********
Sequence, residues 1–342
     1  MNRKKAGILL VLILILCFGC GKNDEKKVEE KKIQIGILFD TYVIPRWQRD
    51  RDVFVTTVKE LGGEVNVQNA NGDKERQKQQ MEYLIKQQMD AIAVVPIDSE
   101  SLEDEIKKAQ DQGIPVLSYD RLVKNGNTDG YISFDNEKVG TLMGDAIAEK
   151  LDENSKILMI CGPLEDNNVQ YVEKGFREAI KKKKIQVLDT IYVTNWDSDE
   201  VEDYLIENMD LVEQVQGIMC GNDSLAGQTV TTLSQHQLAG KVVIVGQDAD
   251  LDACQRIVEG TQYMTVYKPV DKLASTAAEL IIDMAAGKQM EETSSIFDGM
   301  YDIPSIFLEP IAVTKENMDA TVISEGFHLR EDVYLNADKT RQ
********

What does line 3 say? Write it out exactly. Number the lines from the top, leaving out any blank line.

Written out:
    51  RDVFVTTVKE LGGEVNVQNA NGDKERQKQQ MEYLIKQQMD AIAVVPIDSE